This paper presents unsteady as well as steady-state free convection Couette flow of reactive viscous fluid in a vertical channel formed by two infinite vertical parallel porous plates. The motion of the fluid is induced due to free convection caused by the reactive nature of viscous fluid as well as the impulsive motion of one of the porous plates. The Boussinesq assumption is applied, and the nonlinear governing equations of motion and energy are developed. The time-dependent problem is solved using implicit finite difference method, and steady-state problem is solved by applying regular perturbation technique. During the course of computation, an excellent agreement was found between the well-known steady-state solutions and transient solutions at large value of time.

1. Introduction

The study of convection processes in porous channels is a well-developed field of investigation because of its importance to a variety of situations. For example, thermal insulations, geothermal system, surface catalysis of chemical reactions, solid matrix heat exchanger, microelectronic heat transfer equipment, porous flat collectors, coal and grain storage, petroleum industries, dispersion of chemical contaminants in various processes, nuclear waste material, and catalytic beds. Some of the examples mentioned above involve two or more fluids, multidimensional and unsteady flows .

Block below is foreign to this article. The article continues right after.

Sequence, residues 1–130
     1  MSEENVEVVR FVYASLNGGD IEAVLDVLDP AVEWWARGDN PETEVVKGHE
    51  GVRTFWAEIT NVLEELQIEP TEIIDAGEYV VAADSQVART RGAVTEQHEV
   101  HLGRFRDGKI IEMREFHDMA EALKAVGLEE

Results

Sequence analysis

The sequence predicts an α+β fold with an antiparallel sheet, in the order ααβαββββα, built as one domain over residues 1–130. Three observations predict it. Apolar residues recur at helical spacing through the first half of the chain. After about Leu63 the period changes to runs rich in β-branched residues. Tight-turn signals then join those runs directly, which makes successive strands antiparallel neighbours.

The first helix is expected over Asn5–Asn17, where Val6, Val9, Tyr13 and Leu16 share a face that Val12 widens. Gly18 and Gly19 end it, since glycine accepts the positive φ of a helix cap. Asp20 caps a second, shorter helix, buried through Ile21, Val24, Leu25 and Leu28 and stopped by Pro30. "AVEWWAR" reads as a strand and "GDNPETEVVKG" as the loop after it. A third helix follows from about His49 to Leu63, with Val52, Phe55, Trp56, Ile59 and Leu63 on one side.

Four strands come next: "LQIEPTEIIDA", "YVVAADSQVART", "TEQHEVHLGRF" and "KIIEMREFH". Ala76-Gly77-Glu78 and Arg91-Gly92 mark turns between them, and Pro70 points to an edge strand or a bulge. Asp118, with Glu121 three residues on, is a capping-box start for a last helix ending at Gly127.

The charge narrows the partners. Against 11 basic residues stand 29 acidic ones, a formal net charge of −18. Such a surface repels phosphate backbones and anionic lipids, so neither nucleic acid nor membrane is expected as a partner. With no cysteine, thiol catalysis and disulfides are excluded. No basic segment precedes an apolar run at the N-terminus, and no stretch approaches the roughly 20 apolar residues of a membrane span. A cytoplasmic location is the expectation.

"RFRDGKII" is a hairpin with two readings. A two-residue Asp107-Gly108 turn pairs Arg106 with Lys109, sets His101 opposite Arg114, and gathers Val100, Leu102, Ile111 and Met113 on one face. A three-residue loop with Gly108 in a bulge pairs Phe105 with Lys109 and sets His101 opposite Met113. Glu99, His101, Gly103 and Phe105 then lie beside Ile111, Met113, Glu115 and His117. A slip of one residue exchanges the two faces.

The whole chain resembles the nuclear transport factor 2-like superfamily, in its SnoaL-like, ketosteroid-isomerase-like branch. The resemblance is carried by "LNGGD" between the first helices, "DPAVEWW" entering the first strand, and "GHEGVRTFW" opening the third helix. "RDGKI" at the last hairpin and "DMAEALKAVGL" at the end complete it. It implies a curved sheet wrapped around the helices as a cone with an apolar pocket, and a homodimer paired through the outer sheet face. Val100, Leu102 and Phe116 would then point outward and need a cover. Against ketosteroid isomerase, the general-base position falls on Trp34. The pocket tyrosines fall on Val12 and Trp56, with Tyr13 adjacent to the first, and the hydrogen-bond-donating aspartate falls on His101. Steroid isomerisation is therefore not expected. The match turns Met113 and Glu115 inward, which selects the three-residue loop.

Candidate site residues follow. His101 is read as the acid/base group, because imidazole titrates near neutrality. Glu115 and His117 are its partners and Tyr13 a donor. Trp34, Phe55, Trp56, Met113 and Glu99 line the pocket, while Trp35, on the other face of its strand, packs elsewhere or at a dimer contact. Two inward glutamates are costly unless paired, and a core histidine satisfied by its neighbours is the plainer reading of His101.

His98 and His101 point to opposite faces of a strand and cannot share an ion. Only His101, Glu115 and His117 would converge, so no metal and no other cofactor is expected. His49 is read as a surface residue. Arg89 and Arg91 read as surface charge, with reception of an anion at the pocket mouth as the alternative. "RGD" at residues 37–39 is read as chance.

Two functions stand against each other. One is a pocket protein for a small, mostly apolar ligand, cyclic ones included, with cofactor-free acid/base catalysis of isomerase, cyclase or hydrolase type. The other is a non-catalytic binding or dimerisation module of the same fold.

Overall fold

The literature on the topic of unsteady as well as steady-state free convection flow problems is well surveyed by Singh et al. , Florio and Harnoy , Jha and Ajibade , Paul et al. , and Langellotto et al. . Muhuri  presented natural convection Couette flow between two vertical porous plates when one of the plates moves with uniform acceleration. Singh  investigated the motion of the fluid induced by the impulsive motion of one of the plates in the presence of convection currents due to asymmetric thermal condition on the boundaries. Abdulaziz and Hashim  considered free convection flow between porous vertical plates with asymmetric wall temperatures and concentrations and used homotopy analysis method to solve boundary-value problems. Fang [10, 11] analysed unsteady velocity and temperature profiles for Couette flow and pressure-driven flow in a channel with porous walls. Unsteady flow investigations with porous boundaries include the works of Wang et al. , Oxarango et al. , and Makinde and Ogulu . Makinde and Maserumule  presented thermal criticality and entropy analysis for a variable viscosity Couette flow.